Blur - Parklife
NME, April 1994
THIS WEEK of all weeks it has been easy to
forget what a daft, wonderful thing pop music can be; how
it can zip into your life and make the world a happier
place. And in 1994 it's easy to forget what an album
actually is; CDs have turned us into album surfers,
skipping the fillers and forever programming in our
favourites. Help is here with 'Parklife', something that
will help all of us remember. Put simply, it is a Great
And for once it's an LP that deserves to be
played from start to finish; sure there are bumps and
detours along the way but somehow these are part of the
appeal. The first four tracks will knock yer sideways,
and by the time you hear Phil Daniels holler
"Oi!" in his role as guest parky on the
knockabout title track you will know this is no ordinary
LP. It's a mess, all over the place, no song blends
easily into the next, they all jar into each other like
some home-made compilation chucked together when you were
pissed. And so a buttery pop tune like 'End Of a Century'
is followed by the spiky punk attack of 'Bank Holiday'
and then a spot of trad German 'oompah' drinking music.
('The Debt Collector'). On paper it sounds like hell, in
practice it's joyous - a band prepared to have a laugh,
to forget about the pomposity that surrounds the music
business. Amid the mayhem it takes two plays before you
discover the album's two true gems - the John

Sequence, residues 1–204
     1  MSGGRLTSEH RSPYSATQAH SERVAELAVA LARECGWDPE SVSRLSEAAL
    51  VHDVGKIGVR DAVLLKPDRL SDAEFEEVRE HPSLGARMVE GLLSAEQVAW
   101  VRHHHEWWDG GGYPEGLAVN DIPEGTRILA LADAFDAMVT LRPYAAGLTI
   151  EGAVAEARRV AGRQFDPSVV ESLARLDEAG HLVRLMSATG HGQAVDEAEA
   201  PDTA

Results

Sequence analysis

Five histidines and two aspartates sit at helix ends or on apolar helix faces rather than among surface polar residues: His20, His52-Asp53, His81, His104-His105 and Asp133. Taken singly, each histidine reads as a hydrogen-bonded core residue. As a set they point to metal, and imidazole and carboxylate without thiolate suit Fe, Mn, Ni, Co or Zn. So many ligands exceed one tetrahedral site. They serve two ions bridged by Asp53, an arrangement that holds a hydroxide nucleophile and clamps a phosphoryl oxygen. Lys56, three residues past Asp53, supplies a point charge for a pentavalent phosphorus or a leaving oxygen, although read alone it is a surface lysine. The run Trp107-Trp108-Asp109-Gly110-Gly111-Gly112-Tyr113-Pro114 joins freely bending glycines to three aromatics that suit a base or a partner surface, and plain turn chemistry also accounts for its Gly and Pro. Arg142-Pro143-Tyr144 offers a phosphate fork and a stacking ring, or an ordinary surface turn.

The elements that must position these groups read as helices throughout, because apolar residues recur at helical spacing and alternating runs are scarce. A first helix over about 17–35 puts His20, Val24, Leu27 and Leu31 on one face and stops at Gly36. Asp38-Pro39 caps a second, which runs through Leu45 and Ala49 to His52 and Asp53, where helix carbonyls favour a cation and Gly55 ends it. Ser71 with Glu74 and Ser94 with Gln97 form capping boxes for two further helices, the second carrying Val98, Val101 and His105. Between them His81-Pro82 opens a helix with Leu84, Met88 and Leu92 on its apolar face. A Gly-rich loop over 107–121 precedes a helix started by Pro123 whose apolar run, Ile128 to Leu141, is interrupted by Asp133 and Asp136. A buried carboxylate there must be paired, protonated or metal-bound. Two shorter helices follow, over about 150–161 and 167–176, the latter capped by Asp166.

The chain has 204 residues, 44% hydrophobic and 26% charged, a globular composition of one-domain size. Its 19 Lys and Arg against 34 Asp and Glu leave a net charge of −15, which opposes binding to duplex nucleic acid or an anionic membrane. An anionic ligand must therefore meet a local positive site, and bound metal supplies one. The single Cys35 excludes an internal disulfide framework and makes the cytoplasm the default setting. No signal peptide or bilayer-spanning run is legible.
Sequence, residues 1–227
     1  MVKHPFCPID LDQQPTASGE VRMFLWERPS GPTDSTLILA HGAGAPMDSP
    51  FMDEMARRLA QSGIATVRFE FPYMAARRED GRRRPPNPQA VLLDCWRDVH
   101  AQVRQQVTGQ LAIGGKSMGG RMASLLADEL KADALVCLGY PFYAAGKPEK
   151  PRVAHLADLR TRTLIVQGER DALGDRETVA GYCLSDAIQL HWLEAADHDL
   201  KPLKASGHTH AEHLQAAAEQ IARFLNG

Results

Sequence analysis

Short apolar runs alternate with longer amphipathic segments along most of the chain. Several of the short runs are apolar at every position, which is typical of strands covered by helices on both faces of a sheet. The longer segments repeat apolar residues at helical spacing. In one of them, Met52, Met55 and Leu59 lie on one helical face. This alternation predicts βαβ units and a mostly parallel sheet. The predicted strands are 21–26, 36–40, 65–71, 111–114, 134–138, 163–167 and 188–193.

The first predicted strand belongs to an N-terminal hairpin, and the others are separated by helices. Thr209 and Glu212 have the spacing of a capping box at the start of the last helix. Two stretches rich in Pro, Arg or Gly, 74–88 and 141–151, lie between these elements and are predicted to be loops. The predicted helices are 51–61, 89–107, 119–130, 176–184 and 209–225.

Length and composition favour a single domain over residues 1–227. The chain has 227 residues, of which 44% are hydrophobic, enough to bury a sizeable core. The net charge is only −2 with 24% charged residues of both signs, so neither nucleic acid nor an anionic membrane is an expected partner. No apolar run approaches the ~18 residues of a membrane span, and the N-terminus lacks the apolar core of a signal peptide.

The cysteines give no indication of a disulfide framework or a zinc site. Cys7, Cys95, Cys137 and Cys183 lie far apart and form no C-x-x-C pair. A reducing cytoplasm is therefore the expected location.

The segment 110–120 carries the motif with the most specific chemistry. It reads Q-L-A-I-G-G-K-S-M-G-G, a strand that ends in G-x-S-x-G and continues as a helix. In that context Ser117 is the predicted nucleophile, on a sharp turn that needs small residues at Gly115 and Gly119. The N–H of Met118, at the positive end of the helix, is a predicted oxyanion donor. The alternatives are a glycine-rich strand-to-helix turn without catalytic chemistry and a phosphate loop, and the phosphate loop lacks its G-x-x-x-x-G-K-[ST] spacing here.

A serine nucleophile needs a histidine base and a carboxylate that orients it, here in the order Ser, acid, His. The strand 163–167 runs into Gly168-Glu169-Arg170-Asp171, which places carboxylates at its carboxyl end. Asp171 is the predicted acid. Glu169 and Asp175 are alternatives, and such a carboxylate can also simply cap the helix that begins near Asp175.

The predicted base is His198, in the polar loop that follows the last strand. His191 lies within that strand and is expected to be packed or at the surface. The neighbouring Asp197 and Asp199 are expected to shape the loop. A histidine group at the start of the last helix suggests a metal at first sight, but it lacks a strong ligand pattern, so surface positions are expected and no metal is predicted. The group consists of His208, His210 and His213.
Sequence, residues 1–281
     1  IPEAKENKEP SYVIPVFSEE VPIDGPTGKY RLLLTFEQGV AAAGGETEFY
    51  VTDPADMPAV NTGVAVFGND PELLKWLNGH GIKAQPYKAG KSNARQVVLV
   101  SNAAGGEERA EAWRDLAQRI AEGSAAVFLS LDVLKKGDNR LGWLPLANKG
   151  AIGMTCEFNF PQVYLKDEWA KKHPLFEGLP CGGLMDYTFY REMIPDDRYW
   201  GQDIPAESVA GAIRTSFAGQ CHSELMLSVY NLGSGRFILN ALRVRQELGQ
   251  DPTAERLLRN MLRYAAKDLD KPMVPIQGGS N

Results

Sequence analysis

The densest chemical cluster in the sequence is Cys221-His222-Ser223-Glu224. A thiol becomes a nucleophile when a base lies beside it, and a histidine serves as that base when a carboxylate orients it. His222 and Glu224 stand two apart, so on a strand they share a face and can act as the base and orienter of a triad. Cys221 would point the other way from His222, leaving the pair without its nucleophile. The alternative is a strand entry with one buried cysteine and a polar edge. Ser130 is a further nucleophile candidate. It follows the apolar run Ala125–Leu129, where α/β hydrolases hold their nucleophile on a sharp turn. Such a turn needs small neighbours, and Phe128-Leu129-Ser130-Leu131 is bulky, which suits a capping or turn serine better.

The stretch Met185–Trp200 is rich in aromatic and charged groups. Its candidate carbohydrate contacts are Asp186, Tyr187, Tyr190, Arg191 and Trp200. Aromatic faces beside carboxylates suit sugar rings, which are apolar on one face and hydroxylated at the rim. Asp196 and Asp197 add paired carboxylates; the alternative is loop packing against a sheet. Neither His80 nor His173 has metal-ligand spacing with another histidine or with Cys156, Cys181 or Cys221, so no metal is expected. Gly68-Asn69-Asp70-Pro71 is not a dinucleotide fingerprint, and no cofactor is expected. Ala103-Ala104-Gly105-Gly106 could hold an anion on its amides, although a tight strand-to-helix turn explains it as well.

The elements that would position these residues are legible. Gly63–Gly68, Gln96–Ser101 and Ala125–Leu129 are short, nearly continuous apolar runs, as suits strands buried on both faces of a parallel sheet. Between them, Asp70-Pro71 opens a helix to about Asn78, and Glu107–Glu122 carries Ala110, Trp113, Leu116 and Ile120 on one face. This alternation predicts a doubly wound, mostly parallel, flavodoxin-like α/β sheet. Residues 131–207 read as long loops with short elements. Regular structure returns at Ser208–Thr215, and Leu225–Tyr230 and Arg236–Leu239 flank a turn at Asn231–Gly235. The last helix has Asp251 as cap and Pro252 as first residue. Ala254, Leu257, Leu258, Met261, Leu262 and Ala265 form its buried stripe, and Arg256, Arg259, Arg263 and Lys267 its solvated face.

Barry/Walker Brothers epic 'To The End' and the languid
'Bedhead' - which is kind of like discovering a fiver in
a jacket you haven't worn for months.
It begins, as all pop albums should, with a
hit single, 'Girls And Boys', a song that sounds as if it
was designed by robots as a soundtrack to fun-fair bumper
car rides - pointed, niggly, angular and persistently
catchy, it's strange and magnificent that something so
obtuse should have been taken to the nation's bosom.
Testament to its success is the way it has inspired such
ardent, nosebleeding hatred among rock puritans. Nothing
like a spot of oversprung pop muzik to wind up Grandad
Rock - and Blur are past masters at it.
From their beginnings, Blur have got up
peoples' noses with a strike-rate that more blatantly
antagonistic bands can only dream of. During baggy, when
it was cool to look like Peter Beardsley's less
attractive cousin, Blur were unabashed pin-ups. Later,
when their contemporaries stared at their plimsolls and
courted grunge attitude, they employed a brass section
and looped around like space hoppers. And as we looked to
Seattle for new language, Albarn name-checked Primrose
Hill and sang with an accentuated Southern accent that
hadn't been heard since the likes of Anthony Newley were
Still Blur were accused of that most heinous
of crimes - the jumping of bandwagons. Yet they
re-invented themselves, it was no corporate marketing
play, and what 18 months ago looked like retrograde
precociousness (sticking up for Little England as US
culture steamrollered into Hertfordshire) is not little
short of maverick genius.
'Parklife' is 'Modern Life Is Rubbish's'
older brother - bigger, bolder, narkier and funnier.
Musically they're leagues better than before, the
ill-formed ideas have reached fruition and lyrically Blur
now find themselves at the end of an inheritance that
starts with The Kinks and The Small Faces and goes
through to Madness and The Jam. Not just because they are
blatantly inspired by all four - the comparisons are easy
to make - but because they articulate the everyday world
with equal potency and humour. Where Ray Davies saw
beauty in the skies over Waterloo Station, Damon Albarn
sees it in the mirror ball above a Mykonos dancefloor.
And while contemporaries like Pulp are drawn towards the
seedy glamour of sex behind the net curtains, Blur see
the mundanity and ennui of suburban living.
Although they may affect the stance of council estate
lads (the sleeve artwork pictures them down the dog track) the
characters knowingly portrayed in much of 'Parklife'.